Edited book (chapter)
|Book Chapter Category||Edited book (chapter)|
|ERA Publisher ID||3337|
|Book Title||Encyclopedia of the philosophy of law and social philosophy|
|Editors||Sellers, Mortimer and Kirste, Stephan|
|Number of Pages||7|
|Springer Science + Business Media|
|Place of Publication||Netherlands|
|Digital Object Identifier (DOI)||https://doi.org/10.1007/978-94-007-6730-0_221-1|
|Web Address (URL)||https://link.springer.com/referencework/10.1007%2F978-94-007-6730-0|
Constitutional patriotism is a political theory that seeks to provide an explanation for the sense of ownership that most individuals have towards their national constitutional system. Specifically, constitutional patriotism assumes that free-thinking individuals involved in a discussion over the common good will reach an agreement that is perceived, at least by those involved in the debate, as having normative value. The awareness that such a deliberative process has historically been a part of the constitutional system also induces a sense of ownership of past historical accommodations of constitutional principles. The shared perception of being part of historically grounded institutions within a deliberative democracy is sometimes called the ‘normative surplus effect’ or ‘normative spill-over effect’ of the deliberative process. The theory, in its current form, was proposed by Jürgen Habermas and Jean-Werner Müller.
|Keywords||constitutional patriotism, Habermas, Muller|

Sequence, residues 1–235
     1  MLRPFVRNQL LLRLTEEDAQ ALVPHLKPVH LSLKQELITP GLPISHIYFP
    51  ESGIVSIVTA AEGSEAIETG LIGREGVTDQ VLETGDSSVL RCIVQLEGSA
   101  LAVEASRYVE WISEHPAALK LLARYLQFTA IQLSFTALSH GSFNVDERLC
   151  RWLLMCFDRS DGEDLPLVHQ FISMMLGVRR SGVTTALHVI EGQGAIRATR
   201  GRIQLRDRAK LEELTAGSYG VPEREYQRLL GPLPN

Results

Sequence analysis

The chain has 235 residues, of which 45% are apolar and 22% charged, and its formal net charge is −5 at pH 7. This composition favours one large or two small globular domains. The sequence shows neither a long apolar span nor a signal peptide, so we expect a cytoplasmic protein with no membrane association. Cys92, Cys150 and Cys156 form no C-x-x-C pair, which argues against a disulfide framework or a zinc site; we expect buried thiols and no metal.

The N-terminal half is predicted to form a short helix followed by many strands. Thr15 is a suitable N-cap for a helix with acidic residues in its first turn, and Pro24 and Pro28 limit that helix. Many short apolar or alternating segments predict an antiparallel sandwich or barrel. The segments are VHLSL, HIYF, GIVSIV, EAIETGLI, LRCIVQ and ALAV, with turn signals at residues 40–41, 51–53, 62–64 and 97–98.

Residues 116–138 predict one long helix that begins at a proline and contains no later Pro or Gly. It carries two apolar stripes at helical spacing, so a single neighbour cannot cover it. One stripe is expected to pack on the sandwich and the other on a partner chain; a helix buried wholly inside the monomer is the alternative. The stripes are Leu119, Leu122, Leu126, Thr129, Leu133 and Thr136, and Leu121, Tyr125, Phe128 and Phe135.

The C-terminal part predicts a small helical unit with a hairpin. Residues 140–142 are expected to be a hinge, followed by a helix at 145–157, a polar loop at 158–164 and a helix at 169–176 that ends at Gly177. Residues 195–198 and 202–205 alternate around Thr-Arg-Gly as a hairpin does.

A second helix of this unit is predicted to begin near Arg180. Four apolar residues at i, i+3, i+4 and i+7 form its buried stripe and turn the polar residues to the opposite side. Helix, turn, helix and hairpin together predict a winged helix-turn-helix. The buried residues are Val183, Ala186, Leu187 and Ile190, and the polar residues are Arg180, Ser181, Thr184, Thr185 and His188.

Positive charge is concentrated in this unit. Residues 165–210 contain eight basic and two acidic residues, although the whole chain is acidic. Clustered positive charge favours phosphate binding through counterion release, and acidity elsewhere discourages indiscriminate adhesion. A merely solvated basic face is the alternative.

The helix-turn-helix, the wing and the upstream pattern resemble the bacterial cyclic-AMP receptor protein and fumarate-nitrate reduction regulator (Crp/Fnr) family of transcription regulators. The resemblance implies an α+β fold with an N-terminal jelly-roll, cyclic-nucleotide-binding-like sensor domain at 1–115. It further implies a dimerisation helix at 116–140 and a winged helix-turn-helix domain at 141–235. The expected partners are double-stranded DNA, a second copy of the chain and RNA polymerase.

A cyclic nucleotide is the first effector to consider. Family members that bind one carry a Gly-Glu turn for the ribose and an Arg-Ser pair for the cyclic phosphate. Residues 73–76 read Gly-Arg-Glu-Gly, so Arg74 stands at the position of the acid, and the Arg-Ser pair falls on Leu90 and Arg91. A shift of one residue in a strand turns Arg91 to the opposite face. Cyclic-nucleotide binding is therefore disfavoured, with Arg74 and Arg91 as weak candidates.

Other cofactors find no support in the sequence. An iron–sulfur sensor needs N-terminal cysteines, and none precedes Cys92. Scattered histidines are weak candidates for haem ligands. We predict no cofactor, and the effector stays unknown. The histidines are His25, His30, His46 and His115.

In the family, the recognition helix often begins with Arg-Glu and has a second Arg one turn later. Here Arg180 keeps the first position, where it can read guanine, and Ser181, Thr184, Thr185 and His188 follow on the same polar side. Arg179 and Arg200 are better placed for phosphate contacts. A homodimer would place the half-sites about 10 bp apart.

|ANZSRC Field of Research 2020||489999. Other law and legal studies not elsewhere classified|
|480702. Constitutional law|
|500202. History and philosophy of law and justice|
Accepted version deposited in accordance with the copyright policy of the publisher.
The encyclopedia provides: 1) a clear concise expert definition and explanation of the key concepts in the field, written by leading scholars; 2) an essential reference for experts and newcomers alike, with entries ranging from short definitions of key terms to extended explorations of major topics; 3) an investigation of questions that have traditionally defined the field, but also more recent developments, significantly updating the fields of the philosophy of law and social philosophy; 4) introductions to theories and research that have developed globally.
|Byline Affiliations||School of Law and Justice|
|Institution of Origin||University of Southern Queensland|
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